for James Longenbach
Fine-grained dawn still stamped with the last dream’s runes,
bird-tracks scuttled, dashed in startled flight.
Vacant room, the square press of it
just left of the heart.
In 1915 Kafka dreamed an ancient sword
inserted so precisely into his back at the base
of his neck, there was no blood or wound.
His friends stood on chairs to withdraw it.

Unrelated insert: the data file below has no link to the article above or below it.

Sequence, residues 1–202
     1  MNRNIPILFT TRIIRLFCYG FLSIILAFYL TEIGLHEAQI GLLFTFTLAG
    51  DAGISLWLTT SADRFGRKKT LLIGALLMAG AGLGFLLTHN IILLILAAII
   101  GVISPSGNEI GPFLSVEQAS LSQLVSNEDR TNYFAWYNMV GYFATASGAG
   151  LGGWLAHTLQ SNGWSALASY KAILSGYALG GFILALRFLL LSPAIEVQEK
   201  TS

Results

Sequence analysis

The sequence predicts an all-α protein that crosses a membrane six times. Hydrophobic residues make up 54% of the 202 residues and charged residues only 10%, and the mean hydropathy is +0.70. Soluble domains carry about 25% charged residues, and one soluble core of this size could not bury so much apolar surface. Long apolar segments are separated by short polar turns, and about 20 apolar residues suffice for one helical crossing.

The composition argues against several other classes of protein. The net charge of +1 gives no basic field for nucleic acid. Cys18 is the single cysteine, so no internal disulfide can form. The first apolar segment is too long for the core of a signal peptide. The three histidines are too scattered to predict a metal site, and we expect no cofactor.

His two-handed heft. It was a splendid weapon,
he wrote. Crusaders might have used it.
When I open my mouth, I open
my eyes. Parted curtains, the street
a blank scroll. What do I call it,
this aperture which will not close.